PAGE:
(CN) - Drivers of Volkswagens and Audis will get $9.2 million as a settlement to their claims over defective pollen filter gasket areas and sunroof drains, a federal judge ruled.
John Dewey and Jacqueline Delguercio each led federal class actions against Volkswagen of America in 2007 over alleged defects in certain Volkswagen and Audi vehicles.
After their claims were consolidated in the District of New Jersey, the parties reached a tentative settlement covering a class of more than 1 million.
Five objected to the deal, however, and the 3rd Circuit called for further proceedings to adequately represent all class members.
The parties reached a new settlement this summer by adding a "residual group" of VW lessees to the class.
After the trial court granted preliminary approval on Aug. 8, the plaintiffs moved for certification of the settlement class and approval of the new agreement, plus attorneys' fees, costs and awards to the class representatives.
The objectors also moved for attorneys' fees, costs and an incentive award.
U.S. Magistrate Judge Patty Shwartz granted the motions on Dec. 14.
"By eliminating the distinction between the 'reimbursement group' and the 'residual group' and treating each class member similarly by allowing each to seek reimbursement for repairs, the new settlement agreement resolves the adequacy problem the third circuit identified," the 44-page ruling states. "The named plaintiffs are now in the same position as all other class members because each of them owned or leased the subject vehicles that contained the allegedly defective plenum or sunroof drain system, received allegedly inadequate maintenance recommendations and, as a result, suffered the same injury."
Objectors cannot sustain claims that the new settlement does not compensate vehicle owners who have not yet had repairs performed.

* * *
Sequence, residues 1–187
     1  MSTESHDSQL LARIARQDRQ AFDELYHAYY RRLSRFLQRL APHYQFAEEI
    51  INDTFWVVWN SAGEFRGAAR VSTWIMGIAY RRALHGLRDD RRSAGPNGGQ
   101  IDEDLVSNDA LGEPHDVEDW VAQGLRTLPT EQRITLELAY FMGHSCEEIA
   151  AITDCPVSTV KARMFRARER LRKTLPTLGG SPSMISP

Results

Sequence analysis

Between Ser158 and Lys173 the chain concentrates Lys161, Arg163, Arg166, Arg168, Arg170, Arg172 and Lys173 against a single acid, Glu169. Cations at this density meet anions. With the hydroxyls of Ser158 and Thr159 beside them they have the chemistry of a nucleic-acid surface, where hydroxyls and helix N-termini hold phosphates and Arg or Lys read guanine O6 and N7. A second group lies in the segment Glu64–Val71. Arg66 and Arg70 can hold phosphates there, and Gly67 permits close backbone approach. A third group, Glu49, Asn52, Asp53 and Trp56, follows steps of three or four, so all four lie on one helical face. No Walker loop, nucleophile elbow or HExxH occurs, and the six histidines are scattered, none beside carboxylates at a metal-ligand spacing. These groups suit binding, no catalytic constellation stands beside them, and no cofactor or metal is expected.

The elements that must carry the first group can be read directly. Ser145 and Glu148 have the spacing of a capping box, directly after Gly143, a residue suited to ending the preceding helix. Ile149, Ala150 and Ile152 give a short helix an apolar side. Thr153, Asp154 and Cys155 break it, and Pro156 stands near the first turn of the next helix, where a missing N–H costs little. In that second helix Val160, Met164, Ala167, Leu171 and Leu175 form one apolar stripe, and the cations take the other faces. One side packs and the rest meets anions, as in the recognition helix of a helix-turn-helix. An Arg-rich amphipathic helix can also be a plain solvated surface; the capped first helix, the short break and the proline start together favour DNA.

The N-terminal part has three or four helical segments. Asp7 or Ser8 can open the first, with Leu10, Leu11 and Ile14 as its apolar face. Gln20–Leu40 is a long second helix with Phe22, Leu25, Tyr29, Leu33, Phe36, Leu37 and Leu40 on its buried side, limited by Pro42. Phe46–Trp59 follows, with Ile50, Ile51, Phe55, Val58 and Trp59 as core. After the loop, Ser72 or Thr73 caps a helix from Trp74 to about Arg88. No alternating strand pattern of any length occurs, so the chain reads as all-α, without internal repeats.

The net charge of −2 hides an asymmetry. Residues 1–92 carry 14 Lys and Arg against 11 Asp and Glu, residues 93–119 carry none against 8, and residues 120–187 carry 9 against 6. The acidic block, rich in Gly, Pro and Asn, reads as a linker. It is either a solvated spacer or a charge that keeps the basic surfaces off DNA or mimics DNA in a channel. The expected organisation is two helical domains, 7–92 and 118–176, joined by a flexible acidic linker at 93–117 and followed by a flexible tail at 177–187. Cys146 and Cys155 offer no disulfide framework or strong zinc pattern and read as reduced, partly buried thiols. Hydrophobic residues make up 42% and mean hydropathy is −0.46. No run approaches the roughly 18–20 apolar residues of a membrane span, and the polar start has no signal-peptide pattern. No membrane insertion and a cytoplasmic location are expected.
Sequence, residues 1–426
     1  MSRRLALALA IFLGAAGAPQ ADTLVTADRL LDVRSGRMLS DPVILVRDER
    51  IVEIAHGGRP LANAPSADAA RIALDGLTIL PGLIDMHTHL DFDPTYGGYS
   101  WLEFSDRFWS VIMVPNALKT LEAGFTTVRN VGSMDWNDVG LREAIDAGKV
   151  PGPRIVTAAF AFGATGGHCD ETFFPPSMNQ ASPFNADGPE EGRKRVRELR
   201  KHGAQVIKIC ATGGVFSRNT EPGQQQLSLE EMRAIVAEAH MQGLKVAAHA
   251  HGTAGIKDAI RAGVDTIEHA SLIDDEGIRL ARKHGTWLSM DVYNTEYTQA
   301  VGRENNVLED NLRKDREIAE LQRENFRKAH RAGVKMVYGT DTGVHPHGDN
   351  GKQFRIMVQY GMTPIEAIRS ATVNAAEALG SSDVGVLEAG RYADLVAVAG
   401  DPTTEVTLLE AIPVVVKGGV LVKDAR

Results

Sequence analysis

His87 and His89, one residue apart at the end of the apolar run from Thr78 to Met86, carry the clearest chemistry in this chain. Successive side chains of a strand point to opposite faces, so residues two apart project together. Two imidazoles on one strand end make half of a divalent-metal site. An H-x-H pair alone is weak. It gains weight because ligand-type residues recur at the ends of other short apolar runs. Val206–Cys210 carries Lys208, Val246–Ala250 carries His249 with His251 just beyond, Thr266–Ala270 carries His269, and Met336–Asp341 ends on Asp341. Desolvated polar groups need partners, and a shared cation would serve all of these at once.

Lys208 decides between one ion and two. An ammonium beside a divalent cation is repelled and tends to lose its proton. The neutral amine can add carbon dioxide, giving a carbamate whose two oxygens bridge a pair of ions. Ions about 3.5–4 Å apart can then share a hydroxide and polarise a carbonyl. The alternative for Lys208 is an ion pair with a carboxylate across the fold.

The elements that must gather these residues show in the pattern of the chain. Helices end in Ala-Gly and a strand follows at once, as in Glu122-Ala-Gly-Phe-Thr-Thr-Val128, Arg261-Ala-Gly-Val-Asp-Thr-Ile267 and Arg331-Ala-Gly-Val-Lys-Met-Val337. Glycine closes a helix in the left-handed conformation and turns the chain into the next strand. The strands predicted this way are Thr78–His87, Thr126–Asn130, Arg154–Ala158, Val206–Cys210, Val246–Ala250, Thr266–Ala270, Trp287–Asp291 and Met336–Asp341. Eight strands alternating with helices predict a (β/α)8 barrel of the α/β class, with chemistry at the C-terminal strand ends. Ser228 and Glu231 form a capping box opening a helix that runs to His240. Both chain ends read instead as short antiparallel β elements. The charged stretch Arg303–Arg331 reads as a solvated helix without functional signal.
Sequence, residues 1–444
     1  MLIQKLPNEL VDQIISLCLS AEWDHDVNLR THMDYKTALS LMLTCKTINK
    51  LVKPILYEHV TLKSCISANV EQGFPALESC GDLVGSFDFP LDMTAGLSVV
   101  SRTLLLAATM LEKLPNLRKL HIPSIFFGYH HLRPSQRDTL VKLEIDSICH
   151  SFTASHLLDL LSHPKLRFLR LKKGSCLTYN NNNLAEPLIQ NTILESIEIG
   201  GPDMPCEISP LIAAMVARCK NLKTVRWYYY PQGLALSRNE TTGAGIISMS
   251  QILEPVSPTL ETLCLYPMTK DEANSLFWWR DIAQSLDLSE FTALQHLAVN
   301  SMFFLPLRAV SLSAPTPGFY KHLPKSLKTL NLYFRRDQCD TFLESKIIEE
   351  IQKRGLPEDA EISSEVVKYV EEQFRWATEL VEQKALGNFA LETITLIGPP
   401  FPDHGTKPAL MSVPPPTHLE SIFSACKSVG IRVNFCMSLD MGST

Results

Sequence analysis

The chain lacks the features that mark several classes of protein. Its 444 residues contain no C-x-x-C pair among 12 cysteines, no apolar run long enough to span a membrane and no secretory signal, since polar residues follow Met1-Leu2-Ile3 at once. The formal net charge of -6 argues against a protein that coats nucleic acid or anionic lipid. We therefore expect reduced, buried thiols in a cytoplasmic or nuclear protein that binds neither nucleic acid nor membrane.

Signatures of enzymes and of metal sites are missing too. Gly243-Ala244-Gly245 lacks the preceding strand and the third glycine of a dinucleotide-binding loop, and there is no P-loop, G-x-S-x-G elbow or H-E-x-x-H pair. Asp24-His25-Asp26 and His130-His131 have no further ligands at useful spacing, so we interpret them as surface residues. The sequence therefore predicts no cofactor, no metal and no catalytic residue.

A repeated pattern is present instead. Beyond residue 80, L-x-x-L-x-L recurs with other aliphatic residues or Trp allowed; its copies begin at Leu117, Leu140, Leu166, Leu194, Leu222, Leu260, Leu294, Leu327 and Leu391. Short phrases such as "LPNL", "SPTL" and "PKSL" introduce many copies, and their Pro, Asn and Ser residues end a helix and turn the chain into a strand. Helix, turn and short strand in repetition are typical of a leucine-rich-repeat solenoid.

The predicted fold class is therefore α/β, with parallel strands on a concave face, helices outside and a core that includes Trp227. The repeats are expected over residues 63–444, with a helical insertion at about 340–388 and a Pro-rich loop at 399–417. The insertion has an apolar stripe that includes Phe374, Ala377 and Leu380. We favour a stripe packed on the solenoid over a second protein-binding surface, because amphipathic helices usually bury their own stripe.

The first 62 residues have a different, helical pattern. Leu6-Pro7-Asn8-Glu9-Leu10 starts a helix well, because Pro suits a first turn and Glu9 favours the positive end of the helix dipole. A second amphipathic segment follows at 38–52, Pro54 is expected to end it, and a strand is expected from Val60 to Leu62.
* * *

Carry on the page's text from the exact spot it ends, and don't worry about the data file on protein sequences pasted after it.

"To the extent the objector objects because he believes compensation should be provided even where the class member expended no money to repair damage, the objection does not require rejecting the settlement," Shwartz wrote. "Allowing compensation for those who actually incur an expense is a reasonable remedy, but permitting those who expended no funds to obtain money would be tantamount to an impermissible windfall."
Class members receive the required benefits under the deal, according to the ruling.
"Under the settlement's terms, all class members receive educational preventative maintenance materials, including mailings that recommend inspections and cleaning of the sunroof and plenum drain systems," she wrote. "All class members are eligible to receive full reimbursement from a non-exhaustible $8 million fund for expenses incurred for '[r]eimbursable [r]epairs for cleaning, drying, or replacement of carpeting, including padding, and/or repair or replacement' of affected vehicle components."
The court awarded more than $9.8 million in attorneys' fees and costs, $10,000 each to nine class representatives, $86,000 to the Center for Class Action Fairness, $25,000 to objector Gary Sibley, and $500 each to three other objectors.